Wagga MP Joe McGirr says the city could benefit from inclusion in a new renewable energy zone, which would encourage the construction of more large-scale projects.
NSW Environment Minister Matt Kean this week granted $40 million to support the state's first renewable energy zone in the Central West, which received more than 100 expressions of interest totalling $4 billion in new investment.
South West NSW will receive its own renewable energy zone in the future, making it easier and faster for new projects to go ahead, but the exact location has not been revealed.
"I think Wagga could benefit, for sure," Dr McGirr said.
"This strategy the government has of moving electricity west of the divide is exactly where we need to go.
"We are a land of sun and space and it opens up enormous potential to generate electricity that is cheap and renewable."
There are multiple solar farms proposed or being built around Wagga and Junee.
Committee 4 Wagga chief executive Alan Johnston said new investment around the city should be encouraged.
Mr Johnston said solar farms brought new construction jobs in the early stages "but very little in the way of ongoing jobs".
"Having reliable baseline power and competitive pricing is the outcome we'd be after," he said.
New solar farms continue to face resistance in the Riverina, with Greater Hume Shire Council last week rejecting a proposal for a 400-megawatt solar farm at Culcairn.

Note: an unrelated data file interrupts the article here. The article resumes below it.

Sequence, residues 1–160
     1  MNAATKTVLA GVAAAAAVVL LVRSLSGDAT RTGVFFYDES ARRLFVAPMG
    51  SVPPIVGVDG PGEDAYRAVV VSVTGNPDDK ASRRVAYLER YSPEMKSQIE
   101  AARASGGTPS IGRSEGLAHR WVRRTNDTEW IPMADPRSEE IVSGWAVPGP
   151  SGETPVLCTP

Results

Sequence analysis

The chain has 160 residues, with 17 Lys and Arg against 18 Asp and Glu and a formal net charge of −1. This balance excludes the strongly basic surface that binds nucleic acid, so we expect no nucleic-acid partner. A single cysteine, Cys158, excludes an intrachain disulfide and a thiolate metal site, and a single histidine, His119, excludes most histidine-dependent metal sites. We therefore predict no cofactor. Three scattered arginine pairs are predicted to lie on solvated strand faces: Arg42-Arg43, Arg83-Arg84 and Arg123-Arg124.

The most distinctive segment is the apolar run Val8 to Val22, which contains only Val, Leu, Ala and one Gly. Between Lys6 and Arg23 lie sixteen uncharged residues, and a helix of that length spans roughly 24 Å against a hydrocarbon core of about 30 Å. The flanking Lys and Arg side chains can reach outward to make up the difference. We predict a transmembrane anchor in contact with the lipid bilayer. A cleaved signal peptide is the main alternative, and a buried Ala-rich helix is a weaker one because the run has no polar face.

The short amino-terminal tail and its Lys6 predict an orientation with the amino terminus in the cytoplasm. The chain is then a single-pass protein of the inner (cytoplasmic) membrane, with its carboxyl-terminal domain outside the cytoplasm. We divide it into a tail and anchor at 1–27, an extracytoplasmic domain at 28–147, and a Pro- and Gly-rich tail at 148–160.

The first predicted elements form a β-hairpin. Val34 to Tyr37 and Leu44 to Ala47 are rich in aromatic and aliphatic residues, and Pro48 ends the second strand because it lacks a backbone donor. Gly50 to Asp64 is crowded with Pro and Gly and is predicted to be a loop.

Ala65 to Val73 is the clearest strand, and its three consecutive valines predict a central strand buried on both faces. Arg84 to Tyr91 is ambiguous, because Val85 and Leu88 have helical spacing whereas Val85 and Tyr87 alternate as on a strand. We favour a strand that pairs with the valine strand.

Sharon Feuerherdt, who owns farmland next to the proposed site, said she was concerned that a Renewable Energy Zone would take up productive agricultural land.
"I am totally opposed to massive solar development," Mrs Feuerherdt said
"Small ones about 100 hectares would probably suit this area where there is appropriate infrastructure but not massive ones covering huge amounts of land."
Dr McGirr said he acknowledged there was past and ongoing concern about solar projects from farmers "about the impact on their land".
"There is also concern about the loss of agricultural land, although it is a market and there will be some farmers who will benefit from allowing their land to be used for this," he said.
"The important thing is to make sure the impact on their neighbours is managed."
Mr Johnston said it was a "fair debate to have".
"Obviously the best of both worlds would be to build solar farms on somewhat arid and less fertile land," he said.